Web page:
In 1492, Columbus sailed the ocean blue, unleashing five centuries of conquest and colonialism that continues to influence contemporary Latin America. This course examines the archaeology of the colonial encounter between Spanish/Portuguese and indigenous peoples of the Americas. Students will learn how to incorporate material evidence with archival approaches to colonial history, using archaeology to understand the roles of social groups often overlooked by colonial archives (e.g. indigenous peoples, women, Afro-Latin Americans). In short, this course will be a material history of colonialism from below, focusing on the conflicts and negotiations over material culture, economic systems, religion, and biology. No prior knowledge of archaeology or Latin American history is required. The course readings will balance secondary historical readings with archaeology articles on similar topics, in order to highlight the benefits of a material culture approach to the colonial encounter in Latin America. However, the course will mainly focus on the experiences, responses, and negotiation of conquest and colonization by indigenous societies in Latin American. Regional coverage will include Spanish colonialism in the Caribbean (Taino), Mexico (Aztec), Central America (Mayan), Andean South America (Inka), as well as Portuguese incursions in Brazil. Students will be evaluated on short written responses to readings, a midterm and non-cumulative final exam, and a research paper.
ANTH 277 401 | TRCHEMISTRY BUILDING109
Fulfills: (none)
Tags: Various Audiences

RESEARCH METHODS IN SOCIAL ANTHROPOLOGY
GRETCHEN SUESS    
This undergraduate seminar is about how ethnographers do research. It introduces fundamental concepts and techniques - research design, participant observation, interviews, questionnaires, field notes, archives, data collection and analysis. It also addresses ethical and legal issues- cultural protocols, intellectual property rights, collaborative anthropology, and institutional review boards. Students will conduct original ethnographic research in partnership with the Netter Center.
ANTH 303 301 | MCHEMISTRY BUILDING514
Fulfills: (none)
Tags: Academically Based Community Service Course

HISTORICAL ECOLOGY
CLARK ERICKSON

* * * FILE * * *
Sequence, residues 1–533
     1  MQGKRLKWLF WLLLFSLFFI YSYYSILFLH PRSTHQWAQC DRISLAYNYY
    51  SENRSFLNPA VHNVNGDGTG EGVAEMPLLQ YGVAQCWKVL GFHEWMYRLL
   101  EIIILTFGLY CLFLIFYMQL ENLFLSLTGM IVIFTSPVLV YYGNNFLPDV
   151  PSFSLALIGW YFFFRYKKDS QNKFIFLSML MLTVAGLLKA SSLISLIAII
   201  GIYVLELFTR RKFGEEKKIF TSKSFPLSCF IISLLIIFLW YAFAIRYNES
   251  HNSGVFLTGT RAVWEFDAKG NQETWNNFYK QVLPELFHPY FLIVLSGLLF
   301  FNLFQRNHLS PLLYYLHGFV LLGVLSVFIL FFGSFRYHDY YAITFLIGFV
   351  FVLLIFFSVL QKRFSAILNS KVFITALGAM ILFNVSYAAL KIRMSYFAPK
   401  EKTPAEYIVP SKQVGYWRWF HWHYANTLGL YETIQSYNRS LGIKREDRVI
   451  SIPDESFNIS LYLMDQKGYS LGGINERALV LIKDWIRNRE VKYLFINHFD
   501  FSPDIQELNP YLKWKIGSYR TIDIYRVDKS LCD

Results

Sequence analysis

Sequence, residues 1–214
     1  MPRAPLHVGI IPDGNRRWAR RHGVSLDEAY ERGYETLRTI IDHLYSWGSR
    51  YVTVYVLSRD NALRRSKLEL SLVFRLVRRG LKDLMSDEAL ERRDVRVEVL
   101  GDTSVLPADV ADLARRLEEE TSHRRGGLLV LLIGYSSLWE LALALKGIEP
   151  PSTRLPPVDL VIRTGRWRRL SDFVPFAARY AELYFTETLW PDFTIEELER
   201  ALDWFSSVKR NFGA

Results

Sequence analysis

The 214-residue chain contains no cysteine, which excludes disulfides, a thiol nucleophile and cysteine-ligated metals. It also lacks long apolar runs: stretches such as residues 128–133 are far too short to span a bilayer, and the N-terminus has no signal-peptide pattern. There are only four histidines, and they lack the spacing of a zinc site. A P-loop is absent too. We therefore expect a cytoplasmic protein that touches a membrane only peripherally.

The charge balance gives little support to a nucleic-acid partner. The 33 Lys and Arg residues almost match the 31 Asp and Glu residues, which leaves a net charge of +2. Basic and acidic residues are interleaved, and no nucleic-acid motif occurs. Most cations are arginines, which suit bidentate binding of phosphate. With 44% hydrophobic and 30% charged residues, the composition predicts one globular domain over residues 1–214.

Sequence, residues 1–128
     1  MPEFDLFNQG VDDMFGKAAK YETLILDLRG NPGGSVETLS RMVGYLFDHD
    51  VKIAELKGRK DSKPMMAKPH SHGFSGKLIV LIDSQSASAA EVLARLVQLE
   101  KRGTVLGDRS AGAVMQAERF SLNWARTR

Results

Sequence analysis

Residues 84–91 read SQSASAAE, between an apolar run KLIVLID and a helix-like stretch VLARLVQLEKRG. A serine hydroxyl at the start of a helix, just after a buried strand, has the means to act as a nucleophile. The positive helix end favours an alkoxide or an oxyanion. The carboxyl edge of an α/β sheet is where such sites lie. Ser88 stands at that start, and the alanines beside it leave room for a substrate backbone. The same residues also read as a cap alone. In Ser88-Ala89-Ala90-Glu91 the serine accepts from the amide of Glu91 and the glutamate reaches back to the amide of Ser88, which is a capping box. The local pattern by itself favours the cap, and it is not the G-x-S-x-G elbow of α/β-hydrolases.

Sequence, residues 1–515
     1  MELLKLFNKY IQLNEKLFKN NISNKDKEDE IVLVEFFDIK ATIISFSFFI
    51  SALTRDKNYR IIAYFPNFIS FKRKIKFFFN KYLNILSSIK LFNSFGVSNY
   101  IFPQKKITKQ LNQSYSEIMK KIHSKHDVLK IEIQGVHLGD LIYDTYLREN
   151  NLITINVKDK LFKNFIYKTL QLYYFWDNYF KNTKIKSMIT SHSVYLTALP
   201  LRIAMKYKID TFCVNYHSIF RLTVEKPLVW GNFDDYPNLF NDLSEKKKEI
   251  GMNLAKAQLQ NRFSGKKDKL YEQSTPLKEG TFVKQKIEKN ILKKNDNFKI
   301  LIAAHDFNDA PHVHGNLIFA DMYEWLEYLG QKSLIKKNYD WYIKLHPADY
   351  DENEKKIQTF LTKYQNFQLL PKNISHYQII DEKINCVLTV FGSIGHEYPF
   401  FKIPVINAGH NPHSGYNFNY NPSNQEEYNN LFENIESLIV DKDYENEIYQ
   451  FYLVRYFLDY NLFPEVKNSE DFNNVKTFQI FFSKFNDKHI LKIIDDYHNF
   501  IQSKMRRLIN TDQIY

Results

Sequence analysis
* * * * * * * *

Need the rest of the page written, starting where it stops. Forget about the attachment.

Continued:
The relationship between the human beings and the environment is complex, dynamic, and contentious. Historical ecology addresses this relationship over the long term through the physical signatures and patterns of past human activity that are embedded in landscape. In some preindustrial cases, humans caused environmental degradation and societal collapse. In other situations, people transformed, created, and managed resources for sustainable lifeways over centuries and increased biodiversity. This seminar will examine the Myth of the Ecologically Noble Savage, the Myth of the Pristine Environment, domestication of landscape, biocultural diversity, the alliance between native peoples and Green Politics, and the contribution of past societies to appropriate technology, sustainable development, and biodiversity through the historical, ethnographic, and archaeological record.
ANTH 331 301 | TRUNIVERSITY MUSEUM330
Fulfills: (none)
Tags: Various Audiences

DISPOSABILITY: ANTHROPOLOGY IN A WORLD OF WASTE
JACOB DOHERTY    
Waste is all around us. A product of everyday life, of economic activity, of regimes of bodily care and hygiene, waste is an inescapable aspect of modern life and a central element in the constitution of cultural difference. What does the world look like from the vantage point of its diverse waste streams? Taking up classic and contemporary anthropological approaches to waste, the course asks where is "away" when we throw things away? How does the production, disposal, and management of waste contribute to the construction of social differences of race, class, and gender? We examine disposability as a simultaneously material and social phenomena, considering the cultural history, environmental impacts, and economic afterlives of disposable consumer goods and analyzing the historical processes, social institutions, and cultural formations that render certain lives, bodies, populations and environments disposable.